In part 1 of International Cricket Grounds in Sri Lanka, we saw some of the historic venues that were instrumental in the growth of Cricket in this country. Now it’s time that we have a look at the newbies, the concrete giants around the Island.
- Premadasa International Cricket Stadium – The Commercial Capital of Sri Lankan Cricket
When the crowd turn-up to the grounds increased, Sri Lanka needed to crank up its capacity in stadiums. This giant structure was born then. More as a political interest of the former President of Sri Lanka Mr Ranasinghe Premadasa, but still served the purpose. The ground can hold up to 35,000 people.
The stadium was opened in 1986 and the first ODI was played between Pakistan and Sri Lanka. The concrete bowl has since then hosted 9 Tests, 129 ODIs and 36 T20Is. The numbers include an ICC T20 World Cup Final (2012) and an ICC World Cup semi-final (2011). Sri Lanka has had a good track record here in Tests and One-Day cricket. They have 4 Test wins against the 1 loss and 4 draws here. The home team also have recorded 69 wins in the 111 games played at the venue. But, T20Is remain a woe for them at Khettarama. A painful 16 losses against the 4 wins in the shortest form of cricket here for Sri Lanka. That includes the Marlon Samuels heroics in the 2012 T20 World Cup final.
One can never forget the 340 made by the master-blaster here in 1997. Sri Lanka recorded the highest Test score of 925 for 6 in that match. But still, Test cricket at R. Premadasa is a thought that is pretty tough to conquer. The flat wickets make the limited overs games more interesting but leave Test cricket a drag.
It’s always a festival environment at R. Premadasa. So, if you love that atmosphere, anywhere in the ground could be the best place for you. But generally, the upper levels close the sight screens give the best mix of cricket and party at R. Premadasa Stadium.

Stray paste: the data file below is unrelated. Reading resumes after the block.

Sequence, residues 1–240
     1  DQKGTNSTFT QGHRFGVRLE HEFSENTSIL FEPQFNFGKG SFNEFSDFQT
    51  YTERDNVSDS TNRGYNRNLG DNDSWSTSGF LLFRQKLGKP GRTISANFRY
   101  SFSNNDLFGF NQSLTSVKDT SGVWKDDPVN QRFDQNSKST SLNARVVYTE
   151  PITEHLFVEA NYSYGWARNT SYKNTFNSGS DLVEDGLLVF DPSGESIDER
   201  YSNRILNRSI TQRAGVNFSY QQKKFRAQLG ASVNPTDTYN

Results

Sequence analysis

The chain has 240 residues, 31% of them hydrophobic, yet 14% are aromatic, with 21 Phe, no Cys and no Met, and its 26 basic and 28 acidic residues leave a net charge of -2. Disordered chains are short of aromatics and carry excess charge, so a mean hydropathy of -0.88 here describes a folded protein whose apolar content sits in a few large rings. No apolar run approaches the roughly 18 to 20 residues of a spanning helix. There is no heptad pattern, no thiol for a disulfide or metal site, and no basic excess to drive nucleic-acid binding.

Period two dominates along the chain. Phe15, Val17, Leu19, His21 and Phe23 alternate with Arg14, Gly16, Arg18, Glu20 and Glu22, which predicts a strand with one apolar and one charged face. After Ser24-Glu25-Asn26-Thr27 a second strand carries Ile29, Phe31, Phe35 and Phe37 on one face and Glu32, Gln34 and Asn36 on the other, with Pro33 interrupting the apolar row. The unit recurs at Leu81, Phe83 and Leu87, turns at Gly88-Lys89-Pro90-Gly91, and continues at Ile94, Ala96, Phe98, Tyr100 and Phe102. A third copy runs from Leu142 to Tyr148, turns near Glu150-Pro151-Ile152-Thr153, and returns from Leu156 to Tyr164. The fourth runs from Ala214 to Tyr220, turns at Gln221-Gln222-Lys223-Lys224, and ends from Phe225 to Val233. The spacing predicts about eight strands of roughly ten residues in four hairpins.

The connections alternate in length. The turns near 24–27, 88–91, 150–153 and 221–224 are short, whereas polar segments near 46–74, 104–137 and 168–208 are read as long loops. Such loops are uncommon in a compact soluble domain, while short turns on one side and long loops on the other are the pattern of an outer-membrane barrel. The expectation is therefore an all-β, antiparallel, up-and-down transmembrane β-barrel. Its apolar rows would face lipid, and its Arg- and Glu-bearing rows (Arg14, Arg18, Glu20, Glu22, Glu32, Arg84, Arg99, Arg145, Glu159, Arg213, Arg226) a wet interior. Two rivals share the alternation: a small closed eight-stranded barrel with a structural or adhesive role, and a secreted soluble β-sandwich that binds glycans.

Galle International Cricket Stadium – Tests at the Shore
33 Tests, 33976 runs, 1067 wickets and cricket in the shade of a UNESCO world heritage site. The Dutch-built racecourse is eventually used to satisfy the Lankan craze. The ground was first used for cricket in the 1890s and officially announced as a cricket stadium in 1927. A turf wicket was laid in 1945 and the first first-class game was held in 1984. Galle became Sri Lanka’s 7th Test venue in 1998 when it hosted New Zealand.
This is Sri Lanka’s most prominent Test venue. Anyone who tours Sri Lanka has to go through the scrutiny of Galle before they taste any rewards in the Isle.
Sitting beneath the Galle fort and bordered by the sea on two sides, this is one of the most scenic stadiums in the world. Test cricket is always a joy here in Southern Sri Lanka. Ask the Barmy Army if in doubt.
6 one-dayers have been played here but the lack of stands and the square-turning wicket doesn’t fit the format. Forget T20Is. And why is Test cricket so dear to the venue? Well, 27 out of the 33 Tests have produced results here.
The view at the Galle press box is stunning. If you are lucky enough to get there, there is no better place to watch cricket in Sri Lanka. But generally, people prefer the Galle Fort, at an elevation right behind the bowler’s arm.